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Ch1. Container Orchestration

Learning Objectives

  • Define the concept of container orchestration.
  • Explain the reasons for doing container orchestration.
    • Can not provision underlying architecture.
  • Discuss different container orchestration options.
  • Discuss different container orchestration deployment options.

Ch2. Kubernetes

Define Kubernetes.

"Kubernetes is an open-source system for automating deployment, scaling, and management of containerized applications."

  • k8s
  • based on Google's Borg
    • API Servers
    • Pods
    • IP-per-Pod
    • Services
    • Labels
  • Written in Go
  • Apache License Version 2.0
  • Google => CNCF July 2015

Explain the reasons for using Kubernetes.

Discuss the features of Kubernetes.

  • Automatic binpacking
    • Kubernetes automatically schedules the containers based on resource usage - and constraints, without sacrificing the availability.
  • Self-healing
    • Kubernetes automatically replaces and reschedules the containers from failed nodes. It also kills and restarts the containers which do not respond to health checks, based on existing rules/policy.
  • Horizontal scaling
    • Kubernetes can automatically scale applications based on resource usage like CPU and memory. In some cases, it also supports dynamic scaling based on customer metrics.
  • Service discovery and Load balancing
    • Kubernetes groups sets of containers and refers to them via a Domain Name System (DNS). This DNS is also called a Kubernetes service. Kubernetes can discover these services automatically, and load-balance requests between - containers of a given service.
  • Automated rollouts and rollbacks
    • Kubernetes can roll out and roll back new versions/configurations of an application, without introducing any downtime.
  • Secrets and configuration management
    • Kubernetes can manage secrets and configuration details for an application without re-building the respective images. With secrets, we can share confidential information to our application without exposing it to the stack configuration, like on GitHub.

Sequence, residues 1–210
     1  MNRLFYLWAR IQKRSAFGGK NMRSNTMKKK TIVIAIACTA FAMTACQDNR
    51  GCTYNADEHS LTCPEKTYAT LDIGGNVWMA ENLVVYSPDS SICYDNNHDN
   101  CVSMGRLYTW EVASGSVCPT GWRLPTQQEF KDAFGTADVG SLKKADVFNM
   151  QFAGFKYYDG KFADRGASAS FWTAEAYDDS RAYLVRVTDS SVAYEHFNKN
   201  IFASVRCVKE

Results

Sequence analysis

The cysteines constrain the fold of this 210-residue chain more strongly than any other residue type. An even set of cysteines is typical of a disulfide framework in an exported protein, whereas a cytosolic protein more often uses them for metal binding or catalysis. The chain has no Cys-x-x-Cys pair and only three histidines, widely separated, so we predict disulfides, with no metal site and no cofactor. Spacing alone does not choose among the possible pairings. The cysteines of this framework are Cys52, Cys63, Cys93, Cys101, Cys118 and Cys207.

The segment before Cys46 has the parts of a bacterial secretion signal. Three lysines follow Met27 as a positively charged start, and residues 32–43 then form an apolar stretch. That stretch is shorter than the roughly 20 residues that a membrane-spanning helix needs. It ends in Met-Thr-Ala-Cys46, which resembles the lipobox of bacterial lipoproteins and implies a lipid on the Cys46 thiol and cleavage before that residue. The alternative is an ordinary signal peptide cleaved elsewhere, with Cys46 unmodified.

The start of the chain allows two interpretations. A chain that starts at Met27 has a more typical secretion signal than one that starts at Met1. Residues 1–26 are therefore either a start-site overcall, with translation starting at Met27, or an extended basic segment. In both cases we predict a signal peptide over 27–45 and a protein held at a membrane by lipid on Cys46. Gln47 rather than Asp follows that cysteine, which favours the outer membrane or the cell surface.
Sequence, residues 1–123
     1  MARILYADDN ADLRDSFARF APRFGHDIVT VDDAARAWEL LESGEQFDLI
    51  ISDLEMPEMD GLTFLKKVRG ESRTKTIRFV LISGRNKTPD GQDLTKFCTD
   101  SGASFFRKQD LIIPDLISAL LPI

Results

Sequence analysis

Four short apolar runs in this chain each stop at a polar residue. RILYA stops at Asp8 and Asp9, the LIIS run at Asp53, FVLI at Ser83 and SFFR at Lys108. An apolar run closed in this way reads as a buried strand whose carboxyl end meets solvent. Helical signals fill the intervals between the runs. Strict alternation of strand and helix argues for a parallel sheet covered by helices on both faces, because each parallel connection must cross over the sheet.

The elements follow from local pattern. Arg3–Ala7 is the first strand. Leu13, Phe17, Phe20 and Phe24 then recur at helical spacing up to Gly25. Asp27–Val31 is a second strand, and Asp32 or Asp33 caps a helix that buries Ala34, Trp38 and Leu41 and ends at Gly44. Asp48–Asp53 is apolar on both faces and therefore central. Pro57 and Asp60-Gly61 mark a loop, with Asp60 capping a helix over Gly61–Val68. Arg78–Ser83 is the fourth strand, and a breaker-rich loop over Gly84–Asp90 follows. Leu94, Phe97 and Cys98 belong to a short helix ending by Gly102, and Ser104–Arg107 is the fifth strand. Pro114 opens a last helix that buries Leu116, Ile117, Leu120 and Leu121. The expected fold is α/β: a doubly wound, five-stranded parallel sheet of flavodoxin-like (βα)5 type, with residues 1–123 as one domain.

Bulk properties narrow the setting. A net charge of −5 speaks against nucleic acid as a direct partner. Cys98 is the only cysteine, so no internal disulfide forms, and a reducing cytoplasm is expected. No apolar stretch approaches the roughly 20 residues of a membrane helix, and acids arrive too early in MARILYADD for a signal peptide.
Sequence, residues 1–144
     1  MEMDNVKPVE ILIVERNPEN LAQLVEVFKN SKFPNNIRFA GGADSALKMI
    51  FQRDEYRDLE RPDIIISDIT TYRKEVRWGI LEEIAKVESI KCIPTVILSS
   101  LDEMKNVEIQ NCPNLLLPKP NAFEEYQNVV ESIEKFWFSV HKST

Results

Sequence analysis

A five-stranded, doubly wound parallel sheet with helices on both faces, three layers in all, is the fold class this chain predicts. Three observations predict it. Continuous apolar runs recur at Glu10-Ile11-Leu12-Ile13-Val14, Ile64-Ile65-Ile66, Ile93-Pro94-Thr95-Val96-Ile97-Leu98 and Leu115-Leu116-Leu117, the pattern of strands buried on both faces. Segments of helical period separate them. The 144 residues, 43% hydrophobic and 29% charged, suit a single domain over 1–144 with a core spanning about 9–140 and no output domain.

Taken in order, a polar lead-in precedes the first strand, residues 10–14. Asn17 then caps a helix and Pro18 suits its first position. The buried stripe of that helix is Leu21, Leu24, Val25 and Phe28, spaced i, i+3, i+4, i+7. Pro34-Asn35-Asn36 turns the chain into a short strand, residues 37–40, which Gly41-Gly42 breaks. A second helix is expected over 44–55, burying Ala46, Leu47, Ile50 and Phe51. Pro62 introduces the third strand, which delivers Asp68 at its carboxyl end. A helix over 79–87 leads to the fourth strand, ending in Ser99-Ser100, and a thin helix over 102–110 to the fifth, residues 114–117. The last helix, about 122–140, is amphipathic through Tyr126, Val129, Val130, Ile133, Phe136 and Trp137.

• Storage orchestration
    • With Kubernetes and its plugins, we can automatically mount local, external, and storage solutions to the containers in a seamless manner, based on software-defined storage (SDS).
  • Batch execution
    • Besides long running jobs, Kubernetes also supports batch execution.

Discuss the evolution of Kubernetes from Borg.

Explain what the Cloud Native Computing Foundation does.

  • One of the projects hosted by The Linux Foundation
  • CNCF hosts a set of projects, with more to be added in the future. CNCF provides resources to each of the projects, but, at the same time, each project continues to operate independently under its pre-existing governance structure and with its existing maintainers.

For Kubernetes, the Cloud Native Computing Foundation:

  • Provides a neutral home for the Kubernetes trademark and enforces proper usage
  • Provides license scanning of core and vendored code
  • Offers legal guidance on patent and copyright issues
  • Creates open source curriculum, training, and certification
  • Manages a software conformance working group
  • Actively markets Kubernetes
  • Hosts and funds developer marketing activities like K8Sport
  • Supports ad hoc activities
  • Funds conferences and meetup events.

Ch3. Kubernets Architecture


  • master
  • worker nodes
  • etcd
  • Container Network Interface (CNI)

Discuss the Kubernetes architecture.

  • 1+ Master Nodes
  • 1+ Worker Nodes